A person walks into a bar and says 'Help'

A person walks into a bar and says 'Help'

One morning, in the toilet of my London office job, I had an idea. It was one that burrowed deep, it grew, it developed and has now become an obsession.

We’ve all been to pubs and enjoyed a few drinks, relaxed, had a laugh, been welcomed into the warm, friendly embrace of a boozer, but how many of us take the time to notice the people that work so tirelessly to let us enjoy ourselves?

Growing up in a house where my older brother suffers from long term mental illness, I’ve always had a huge interest in mental health. How can we stay healthy? And, if we aren’t feeling too good, how can we take a Lemsip mug for our mind in order to get back to peak condition?

These were questions that plagued me as I was standing in the toilet that morning, when I noticed a poster drawing attention to the fact that there was a trained Mental Health First Aider on site. I was immediately drawn to the practical nature of the idea, if you’ve stubbed your toe on a filing cabinet, the first aider comes with a splint and a plaster, if you’ve been feeling down, the Mental Health First Aider comes with an ear and advice.

Inspired by this measurable, feet on the ground approach to mental health I began thinking of my other job, working as a barman in The Queens Arms. I thought of how much that workplace could benefit from this training. So, I did what all great innovators do, I nicked the idea and called it my own!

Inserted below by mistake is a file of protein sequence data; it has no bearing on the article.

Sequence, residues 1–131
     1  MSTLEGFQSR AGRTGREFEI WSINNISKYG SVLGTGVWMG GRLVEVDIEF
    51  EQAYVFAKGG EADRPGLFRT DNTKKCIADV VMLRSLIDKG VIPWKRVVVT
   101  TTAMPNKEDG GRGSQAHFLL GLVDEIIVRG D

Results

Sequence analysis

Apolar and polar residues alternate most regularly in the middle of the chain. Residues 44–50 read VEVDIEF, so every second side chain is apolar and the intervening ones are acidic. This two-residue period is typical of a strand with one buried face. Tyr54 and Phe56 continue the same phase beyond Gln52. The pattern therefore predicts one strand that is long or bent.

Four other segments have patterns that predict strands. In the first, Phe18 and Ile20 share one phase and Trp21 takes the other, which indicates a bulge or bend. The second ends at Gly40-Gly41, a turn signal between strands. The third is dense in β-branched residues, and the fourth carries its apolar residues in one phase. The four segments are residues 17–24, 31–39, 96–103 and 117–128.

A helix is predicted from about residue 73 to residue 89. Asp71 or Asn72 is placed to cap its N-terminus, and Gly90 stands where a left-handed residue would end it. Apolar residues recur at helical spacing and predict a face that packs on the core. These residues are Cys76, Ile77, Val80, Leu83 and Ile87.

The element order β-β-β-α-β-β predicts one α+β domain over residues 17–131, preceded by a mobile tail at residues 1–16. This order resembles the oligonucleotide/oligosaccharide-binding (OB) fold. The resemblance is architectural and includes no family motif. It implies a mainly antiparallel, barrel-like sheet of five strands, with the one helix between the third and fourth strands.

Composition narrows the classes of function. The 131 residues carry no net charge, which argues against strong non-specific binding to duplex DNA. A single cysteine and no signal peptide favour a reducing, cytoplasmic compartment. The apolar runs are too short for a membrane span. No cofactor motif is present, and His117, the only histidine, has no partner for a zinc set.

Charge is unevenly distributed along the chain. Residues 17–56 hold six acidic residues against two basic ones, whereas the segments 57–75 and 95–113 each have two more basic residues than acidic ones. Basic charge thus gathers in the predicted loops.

The Compass Project is an initiative that involves training bartenders, in the north, south, east and west of London to become Mental Health First Aiders with Kelly’s Cause Foundation (an incredible charity that specialises in improving mental health support for hospitality workers). With 70% of hospitality workers reporting a stigma on mental health in their workplace, I knew we had to create an environment where people felt safe to take the first step and open up about their mental health. So, with Post Pieces, (an amazing charity that offers a creative approach to mental health) we are running arts workshops across London, inviting all the staff of these pubs to come along and dispel the stigma that surrounds mental ill health.  

Once we have collected together this community of bartenders from across London and unearthed their stories and experiences of working behind the bars of London, we'll take all the pieces of art created in the workshops and devise a theatre show to explore pub workers' relationships with their work, their mental health and themselves.

If anyone is reading this and wants to get involved, give us a follow and a message on our instagram @the.compassproject to find out what we're doing next!

(Published on: 14.10.20)